We had planned initially to make it to Trabzon in one go, but unfortunately had to stop towards the end to check in at an internet caf? to see if any couch surfers had accepted our request. At this point I had no blood sugar left and felt like a zombie. Even the quickly token simits just improved it only slightly. None had so we looked up a hostel, clambered back onto the bikes and pushed on. I was beginning to get really wet, and wasn?t working hard enough to stay warm. Cold started to set in. As we approached our destination, Ren? got another flat.

Though not his fault, I struggled a little trying to supress my annoyance. Trying to be supportive, I glanced at his wheel, and on seeing a piece of metal protruding, I exclaimed, ?bloody nails, eh?!?. Rene moved quickly to correct me. ?Actually, it?s a screw?, he said. (You all know me. I was also very fascinated by the fact that it was a screw.) I gritted my teeth. Sorry again.

We walked for ages, trying to find this hostel. I was absolutely freezing and it was still raining. We jumped into a petrol station to ask for help, after it was obvious we were going the wrong way, but were finding it impossible to express ourselves with no common language. My frustration grew. In the petrol station, Ren? did manage to charge his phone enough to get an operational map. We had gone too far, and started heading back the way we had come.

On the way back, we stopped to ask at a car dealership, who also didn?t understand our explanations until we communicated enough that we could show them on the internet. Moaning in their sudden understanding of what we needed, they gave us directions and off we went. The place wasn?t far, but to our horror, it had been shut down. Luckily, this was no biggie, as we were on a busy main road. We wandered up the street a little and found a double room for 20TL each. Not bad.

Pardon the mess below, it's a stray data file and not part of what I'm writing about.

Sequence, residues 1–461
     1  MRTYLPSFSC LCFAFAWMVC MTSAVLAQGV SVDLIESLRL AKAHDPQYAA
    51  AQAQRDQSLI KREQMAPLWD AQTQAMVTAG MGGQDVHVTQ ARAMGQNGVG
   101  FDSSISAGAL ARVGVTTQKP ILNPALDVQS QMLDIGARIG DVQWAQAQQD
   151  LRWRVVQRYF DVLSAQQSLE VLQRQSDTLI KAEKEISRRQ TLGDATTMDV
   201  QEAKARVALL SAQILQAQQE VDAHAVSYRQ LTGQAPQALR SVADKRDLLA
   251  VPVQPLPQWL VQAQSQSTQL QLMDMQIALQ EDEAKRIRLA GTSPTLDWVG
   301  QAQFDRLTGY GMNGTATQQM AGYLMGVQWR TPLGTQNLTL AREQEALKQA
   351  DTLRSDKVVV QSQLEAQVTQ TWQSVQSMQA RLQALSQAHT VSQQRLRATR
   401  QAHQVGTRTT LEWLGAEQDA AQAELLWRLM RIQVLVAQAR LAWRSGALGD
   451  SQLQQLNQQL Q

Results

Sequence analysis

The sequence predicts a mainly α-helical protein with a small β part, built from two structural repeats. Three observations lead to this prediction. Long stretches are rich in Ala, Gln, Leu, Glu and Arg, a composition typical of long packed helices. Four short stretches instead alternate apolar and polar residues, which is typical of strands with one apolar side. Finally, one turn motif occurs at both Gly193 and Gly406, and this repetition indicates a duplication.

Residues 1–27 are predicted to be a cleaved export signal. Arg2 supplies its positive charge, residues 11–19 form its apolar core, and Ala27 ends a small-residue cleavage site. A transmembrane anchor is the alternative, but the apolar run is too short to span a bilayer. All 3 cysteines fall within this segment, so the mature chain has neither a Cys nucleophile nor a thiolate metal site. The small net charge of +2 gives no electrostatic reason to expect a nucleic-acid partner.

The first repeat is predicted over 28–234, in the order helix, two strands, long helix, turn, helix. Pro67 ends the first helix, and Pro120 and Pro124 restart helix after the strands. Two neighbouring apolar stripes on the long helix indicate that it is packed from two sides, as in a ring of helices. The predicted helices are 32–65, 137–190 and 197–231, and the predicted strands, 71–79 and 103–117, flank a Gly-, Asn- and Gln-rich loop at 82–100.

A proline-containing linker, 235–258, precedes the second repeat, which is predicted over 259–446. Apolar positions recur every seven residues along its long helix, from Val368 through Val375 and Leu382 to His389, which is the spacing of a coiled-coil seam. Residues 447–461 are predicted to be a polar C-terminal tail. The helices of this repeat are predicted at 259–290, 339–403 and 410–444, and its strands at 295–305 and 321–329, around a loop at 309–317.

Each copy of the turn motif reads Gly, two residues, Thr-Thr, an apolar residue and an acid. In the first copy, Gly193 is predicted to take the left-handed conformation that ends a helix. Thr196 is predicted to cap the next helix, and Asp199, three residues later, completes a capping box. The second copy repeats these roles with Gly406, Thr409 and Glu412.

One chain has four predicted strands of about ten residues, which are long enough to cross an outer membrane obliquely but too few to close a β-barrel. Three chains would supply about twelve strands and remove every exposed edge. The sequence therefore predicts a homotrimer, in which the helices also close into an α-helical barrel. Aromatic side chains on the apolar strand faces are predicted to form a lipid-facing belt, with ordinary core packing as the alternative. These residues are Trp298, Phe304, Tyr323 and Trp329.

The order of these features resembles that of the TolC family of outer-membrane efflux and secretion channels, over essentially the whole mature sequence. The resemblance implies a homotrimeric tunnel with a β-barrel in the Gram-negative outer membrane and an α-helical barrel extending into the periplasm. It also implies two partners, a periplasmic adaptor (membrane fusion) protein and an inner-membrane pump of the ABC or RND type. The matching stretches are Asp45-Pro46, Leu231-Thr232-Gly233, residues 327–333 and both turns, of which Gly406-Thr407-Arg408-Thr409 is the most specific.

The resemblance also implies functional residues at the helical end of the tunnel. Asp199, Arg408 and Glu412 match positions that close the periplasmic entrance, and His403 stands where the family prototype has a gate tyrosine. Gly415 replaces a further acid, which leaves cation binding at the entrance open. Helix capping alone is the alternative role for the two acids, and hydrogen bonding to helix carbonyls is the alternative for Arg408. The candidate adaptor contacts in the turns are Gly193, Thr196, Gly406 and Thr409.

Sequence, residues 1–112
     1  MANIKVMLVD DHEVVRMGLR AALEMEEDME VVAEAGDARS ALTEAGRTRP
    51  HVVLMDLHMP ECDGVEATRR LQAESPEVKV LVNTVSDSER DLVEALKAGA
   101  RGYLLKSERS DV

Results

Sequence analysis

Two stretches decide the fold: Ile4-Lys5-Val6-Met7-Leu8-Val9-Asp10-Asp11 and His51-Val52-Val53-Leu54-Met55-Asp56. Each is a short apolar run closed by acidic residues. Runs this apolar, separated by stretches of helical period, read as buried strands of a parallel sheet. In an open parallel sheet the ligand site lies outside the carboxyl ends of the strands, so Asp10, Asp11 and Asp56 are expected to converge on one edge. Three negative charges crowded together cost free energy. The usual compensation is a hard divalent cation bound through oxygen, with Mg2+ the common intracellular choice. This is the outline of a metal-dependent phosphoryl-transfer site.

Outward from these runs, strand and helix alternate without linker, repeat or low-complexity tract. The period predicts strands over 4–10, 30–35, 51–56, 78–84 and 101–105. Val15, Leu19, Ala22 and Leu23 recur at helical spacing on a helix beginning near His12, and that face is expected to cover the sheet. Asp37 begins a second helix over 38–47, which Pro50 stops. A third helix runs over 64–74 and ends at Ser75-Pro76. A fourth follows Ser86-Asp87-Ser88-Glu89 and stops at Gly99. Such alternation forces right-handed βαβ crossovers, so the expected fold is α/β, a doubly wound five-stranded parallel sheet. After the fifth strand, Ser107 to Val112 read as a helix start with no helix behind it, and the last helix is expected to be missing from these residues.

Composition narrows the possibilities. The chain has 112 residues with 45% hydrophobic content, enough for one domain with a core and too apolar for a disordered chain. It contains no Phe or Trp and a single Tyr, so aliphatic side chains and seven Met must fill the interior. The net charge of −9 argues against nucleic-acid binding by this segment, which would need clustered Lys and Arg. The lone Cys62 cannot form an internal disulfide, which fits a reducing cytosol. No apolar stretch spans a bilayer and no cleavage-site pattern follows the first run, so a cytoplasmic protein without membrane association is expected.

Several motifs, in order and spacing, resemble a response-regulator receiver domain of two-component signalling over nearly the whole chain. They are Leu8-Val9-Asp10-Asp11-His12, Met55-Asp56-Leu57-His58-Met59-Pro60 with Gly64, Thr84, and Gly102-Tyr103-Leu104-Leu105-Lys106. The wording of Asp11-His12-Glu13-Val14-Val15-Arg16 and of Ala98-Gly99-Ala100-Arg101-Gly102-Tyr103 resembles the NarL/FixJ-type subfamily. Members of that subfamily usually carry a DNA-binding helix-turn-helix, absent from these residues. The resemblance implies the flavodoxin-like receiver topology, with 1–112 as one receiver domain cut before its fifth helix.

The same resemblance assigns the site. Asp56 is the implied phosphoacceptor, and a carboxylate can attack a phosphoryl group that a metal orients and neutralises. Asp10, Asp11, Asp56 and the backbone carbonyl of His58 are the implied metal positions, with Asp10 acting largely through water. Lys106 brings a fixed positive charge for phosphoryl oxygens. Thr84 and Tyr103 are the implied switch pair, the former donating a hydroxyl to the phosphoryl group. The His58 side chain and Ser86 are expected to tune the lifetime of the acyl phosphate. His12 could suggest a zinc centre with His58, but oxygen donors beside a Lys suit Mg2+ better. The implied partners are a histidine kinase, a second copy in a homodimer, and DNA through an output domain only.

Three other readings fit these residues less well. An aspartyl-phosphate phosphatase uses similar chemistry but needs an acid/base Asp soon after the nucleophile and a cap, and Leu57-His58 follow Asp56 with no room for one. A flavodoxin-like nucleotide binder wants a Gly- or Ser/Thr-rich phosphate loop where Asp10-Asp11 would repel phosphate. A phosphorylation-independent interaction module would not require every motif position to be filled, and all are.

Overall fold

We showered and went out to get Rene?s bus ticket for the next day, before picking up some food from the supermarket. We ate so much that by the end, eating felt like I was stuffing a rucksack. We watched ?the dark knight? on my laptop (for me the first time!) and enjoyed the hot, smelly room. It was a trade off, but worth it. Heat = dry clothes, ventilation = cold, so no ventilation + gross sweaty cycling stuff = hot, smelly room.


In the morning, Ren? and I had a little wander around Trabzon for a couple of hours before he had to catch his bus back to Samsun. I had heard a lot of people rave about the city, and had been quite excited to see it. But as we looked around, I found myself a little disappointed. I was really disappointed too. the city didn't seem to be interesting at all, except for temples in one hour drive distance. Maybe it was the weather, or maybe it was just the frame of mind I was in at the time, but I didn?t really see what all the fuss was about. It didn?t appear to be that interesting.

After washing our bicycles at a petrol station we had to say goodbye and I finally took the bus back to Samsun. Eventhough it only have been four days, it felt way longer (positively!) and I will keep this time in very good memory.
Thank you Danny!